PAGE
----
?          ? The Humbu war is a watershed in Nkoya history: it marks the emergence of fully-fledged states. For whereas Wene is already described for an earlier phase, it is only with reference to periods after that war that all the characteristics of Nkoya states appear in Likota lya Bankoya. It traces the emergence of male leadership, and its taking on secular and military overtones, to this dramatic event.

          ?          ? With reference to the period after the Humbu war, the book begins to make mention of what until today constitute the central characteristics of a royal establishment or court: the royal village, distinguished from other villages by a generic name (lukena), a peculiar appearance and spatial arrangement (a reed fence supported by pointed poles), and regalia reserved to Myene: the mpande ?a shell ornament ? and further primarily musical instruments: xylophones, iron bells, and various types of drums.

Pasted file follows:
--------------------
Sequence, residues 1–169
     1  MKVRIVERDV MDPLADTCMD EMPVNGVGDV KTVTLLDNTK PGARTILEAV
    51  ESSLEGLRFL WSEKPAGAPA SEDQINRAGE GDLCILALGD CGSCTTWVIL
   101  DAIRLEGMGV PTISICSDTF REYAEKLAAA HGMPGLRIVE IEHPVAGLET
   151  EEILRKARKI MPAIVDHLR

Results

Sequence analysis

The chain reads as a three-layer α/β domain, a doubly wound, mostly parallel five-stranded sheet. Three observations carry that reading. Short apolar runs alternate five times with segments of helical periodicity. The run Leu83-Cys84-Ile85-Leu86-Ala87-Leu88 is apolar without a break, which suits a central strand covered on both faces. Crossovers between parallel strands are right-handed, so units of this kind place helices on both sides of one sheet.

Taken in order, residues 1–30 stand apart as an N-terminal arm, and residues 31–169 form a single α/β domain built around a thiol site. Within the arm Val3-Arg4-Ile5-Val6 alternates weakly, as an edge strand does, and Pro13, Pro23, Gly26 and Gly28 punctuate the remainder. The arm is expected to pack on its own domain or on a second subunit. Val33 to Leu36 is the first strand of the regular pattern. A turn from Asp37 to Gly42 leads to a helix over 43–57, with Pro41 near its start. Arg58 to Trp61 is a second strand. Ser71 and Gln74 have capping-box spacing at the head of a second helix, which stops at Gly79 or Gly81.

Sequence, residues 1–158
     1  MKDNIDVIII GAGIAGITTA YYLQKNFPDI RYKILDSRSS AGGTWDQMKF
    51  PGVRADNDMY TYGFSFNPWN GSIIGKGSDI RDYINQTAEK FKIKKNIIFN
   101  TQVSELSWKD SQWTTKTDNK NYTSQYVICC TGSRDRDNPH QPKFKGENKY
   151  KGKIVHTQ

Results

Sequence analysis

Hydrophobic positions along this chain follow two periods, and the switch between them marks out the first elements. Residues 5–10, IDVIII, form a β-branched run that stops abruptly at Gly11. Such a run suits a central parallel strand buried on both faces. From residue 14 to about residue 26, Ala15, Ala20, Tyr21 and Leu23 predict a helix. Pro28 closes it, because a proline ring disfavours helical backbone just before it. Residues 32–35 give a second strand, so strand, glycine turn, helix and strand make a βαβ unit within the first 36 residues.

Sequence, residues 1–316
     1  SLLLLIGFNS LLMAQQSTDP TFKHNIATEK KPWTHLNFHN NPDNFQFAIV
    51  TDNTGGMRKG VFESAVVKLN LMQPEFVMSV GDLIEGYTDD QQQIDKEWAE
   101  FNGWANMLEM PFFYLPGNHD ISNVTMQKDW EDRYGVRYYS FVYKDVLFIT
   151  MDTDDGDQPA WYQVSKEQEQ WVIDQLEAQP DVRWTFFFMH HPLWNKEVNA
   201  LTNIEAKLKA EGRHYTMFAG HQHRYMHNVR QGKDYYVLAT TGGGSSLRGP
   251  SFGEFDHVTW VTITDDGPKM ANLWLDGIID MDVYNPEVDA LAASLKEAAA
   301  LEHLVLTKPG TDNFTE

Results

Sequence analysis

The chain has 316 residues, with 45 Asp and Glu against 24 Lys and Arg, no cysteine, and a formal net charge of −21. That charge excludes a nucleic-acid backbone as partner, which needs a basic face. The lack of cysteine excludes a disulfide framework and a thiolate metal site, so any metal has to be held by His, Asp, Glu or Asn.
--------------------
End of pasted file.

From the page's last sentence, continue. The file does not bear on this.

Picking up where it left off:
?          ? In Nkoya history, the Humbu war accelerated the movement towards states dominated by men (whereas it was women who dominated the political and religious system in the pre-state society which had been organized on a clan basis). The process was characterized by an increase of violence and by the rupture vis-a-vis the harmonious and integrated cosmology of an earlier age.